About Me

I started programming computers way back in the mid-80s. I studied Computer Science (CS) and combinatorics & optimization (C&O) at Waterloo. For one of my later co-op jobs I ported a symbolic algebra calculator for a couple of years and had a great mentor who finally taught me how to code effectively.

Once out of school, I worked in the financial industry for a while, writing calculation engines, multi-process caches and did other systems programming. I switched to consulting (to get enough money to go traveling) and then eventually found myself as the CTO of startup.

That experience broadened my perspective on building software, so when I finished I decided to write a lot of it down even though I had never really written anything other than research reports before.

The difficulties in trying to get that book published lead me to start blogging about similar issues. The Programmer's Paradox was the name of the original book and my second blog attempt.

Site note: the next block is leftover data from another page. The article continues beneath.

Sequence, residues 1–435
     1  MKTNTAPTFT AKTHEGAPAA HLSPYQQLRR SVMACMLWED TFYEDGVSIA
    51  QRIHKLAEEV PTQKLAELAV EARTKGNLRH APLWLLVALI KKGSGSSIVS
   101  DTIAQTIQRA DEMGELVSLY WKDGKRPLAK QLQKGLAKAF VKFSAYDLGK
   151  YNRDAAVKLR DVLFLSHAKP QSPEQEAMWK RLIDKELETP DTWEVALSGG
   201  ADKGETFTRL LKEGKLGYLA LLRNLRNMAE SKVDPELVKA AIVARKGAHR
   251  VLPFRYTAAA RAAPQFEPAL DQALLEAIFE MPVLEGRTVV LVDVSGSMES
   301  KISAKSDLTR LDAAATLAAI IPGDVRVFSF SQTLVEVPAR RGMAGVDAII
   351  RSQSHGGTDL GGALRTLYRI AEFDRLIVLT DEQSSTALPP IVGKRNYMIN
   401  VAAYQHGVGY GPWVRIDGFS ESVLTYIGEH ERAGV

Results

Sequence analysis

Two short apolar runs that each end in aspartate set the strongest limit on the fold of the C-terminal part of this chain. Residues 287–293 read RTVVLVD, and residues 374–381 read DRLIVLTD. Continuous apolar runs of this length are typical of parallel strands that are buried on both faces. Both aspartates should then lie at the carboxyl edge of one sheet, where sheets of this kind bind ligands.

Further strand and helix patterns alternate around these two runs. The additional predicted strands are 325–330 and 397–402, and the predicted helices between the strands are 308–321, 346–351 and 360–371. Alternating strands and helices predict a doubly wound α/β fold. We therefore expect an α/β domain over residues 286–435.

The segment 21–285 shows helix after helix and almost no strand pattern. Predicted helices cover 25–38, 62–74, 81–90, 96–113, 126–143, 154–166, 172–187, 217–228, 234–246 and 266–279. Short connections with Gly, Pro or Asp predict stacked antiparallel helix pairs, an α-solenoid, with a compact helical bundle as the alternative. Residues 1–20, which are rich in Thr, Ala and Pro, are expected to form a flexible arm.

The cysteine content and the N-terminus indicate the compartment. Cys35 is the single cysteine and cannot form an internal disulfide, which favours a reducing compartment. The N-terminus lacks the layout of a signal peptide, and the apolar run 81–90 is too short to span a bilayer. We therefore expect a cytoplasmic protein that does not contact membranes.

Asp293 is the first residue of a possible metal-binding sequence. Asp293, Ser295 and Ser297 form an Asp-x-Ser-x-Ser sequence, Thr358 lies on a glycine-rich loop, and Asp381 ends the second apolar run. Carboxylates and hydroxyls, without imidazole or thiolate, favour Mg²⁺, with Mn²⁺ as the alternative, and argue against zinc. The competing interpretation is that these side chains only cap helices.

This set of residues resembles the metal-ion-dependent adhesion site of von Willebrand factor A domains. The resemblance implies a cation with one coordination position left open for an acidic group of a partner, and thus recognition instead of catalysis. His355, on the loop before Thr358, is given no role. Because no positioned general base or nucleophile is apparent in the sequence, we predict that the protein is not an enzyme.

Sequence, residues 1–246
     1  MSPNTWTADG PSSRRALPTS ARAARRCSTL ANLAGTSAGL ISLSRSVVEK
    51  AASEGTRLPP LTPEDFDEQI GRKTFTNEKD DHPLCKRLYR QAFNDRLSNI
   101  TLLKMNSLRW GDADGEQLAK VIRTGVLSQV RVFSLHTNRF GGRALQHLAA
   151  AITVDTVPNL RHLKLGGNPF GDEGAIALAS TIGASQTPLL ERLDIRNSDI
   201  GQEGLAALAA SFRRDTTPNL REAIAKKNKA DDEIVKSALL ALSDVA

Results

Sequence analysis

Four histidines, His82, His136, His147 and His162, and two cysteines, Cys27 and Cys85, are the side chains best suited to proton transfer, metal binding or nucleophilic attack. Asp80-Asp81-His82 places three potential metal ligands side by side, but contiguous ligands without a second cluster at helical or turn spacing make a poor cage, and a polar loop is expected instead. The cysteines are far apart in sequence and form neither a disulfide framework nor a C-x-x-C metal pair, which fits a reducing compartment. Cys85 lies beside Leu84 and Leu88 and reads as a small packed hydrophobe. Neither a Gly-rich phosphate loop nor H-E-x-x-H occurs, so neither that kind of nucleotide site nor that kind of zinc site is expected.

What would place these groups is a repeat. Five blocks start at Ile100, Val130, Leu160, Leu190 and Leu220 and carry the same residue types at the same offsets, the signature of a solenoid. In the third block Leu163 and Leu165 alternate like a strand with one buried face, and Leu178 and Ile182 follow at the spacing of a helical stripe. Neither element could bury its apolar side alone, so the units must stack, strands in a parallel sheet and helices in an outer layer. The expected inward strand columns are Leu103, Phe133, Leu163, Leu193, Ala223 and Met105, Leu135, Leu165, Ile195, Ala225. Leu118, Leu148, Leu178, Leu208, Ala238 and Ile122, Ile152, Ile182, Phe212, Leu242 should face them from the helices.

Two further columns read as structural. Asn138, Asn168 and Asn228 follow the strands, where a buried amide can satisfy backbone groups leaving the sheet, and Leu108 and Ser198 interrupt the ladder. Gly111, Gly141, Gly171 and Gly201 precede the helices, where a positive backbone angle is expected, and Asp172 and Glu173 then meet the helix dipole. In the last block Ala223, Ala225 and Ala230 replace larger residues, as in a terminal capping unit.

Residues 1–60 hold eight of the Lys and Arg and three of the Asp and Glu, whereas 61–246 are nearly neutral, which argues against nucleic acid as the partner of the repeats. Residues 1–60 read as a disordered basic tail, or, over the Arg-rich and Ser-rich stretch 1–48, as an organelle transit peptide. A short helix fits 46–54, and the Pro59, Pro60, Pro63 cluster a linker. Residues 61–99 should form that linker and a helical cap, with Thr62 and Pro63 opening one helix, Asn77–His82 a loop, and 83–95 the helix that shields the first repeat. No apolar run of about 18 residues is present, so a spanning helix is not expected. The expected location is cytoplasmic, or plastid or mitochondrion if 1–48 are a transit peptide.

Over the years, and the many different experiences, my attitude towards programming has changed a lot.

I started out seeing the process as more of an art-form, but generally, as I gained more knowledge and a deeper understanding, I came to realize that even with the difficult systems, most of what we are doing was well understood at some point.

Software development is rather unfocused as a profession, which often causes us to ignore the fifty or so, years of built up experience and understanding. Once you've been building things long enough, the smaller problems are no longer as challenging, the answers are more obvious. It's the big issues that people keep ignoring that become important.

If I am trying to get say anything significant with these posts, it is that we are constantly forgetting that so many people have walked this path before us. I was guilty of that when I started, and I know a lot of programmers who fall into the same trap. As long as we continue to re-invent the basics, over and over again, we'll never be able to push past our current limited state of development. It's a problem that has changed little in twenty years.

If you have any questions, comments or experiences please feel free to comment. One of the best ways to solidify your knowledge is by trying to communicate it. It all sounds reasonable in your head until you try to write it down. That has certainly been a big lesson I've learned while blogging :-)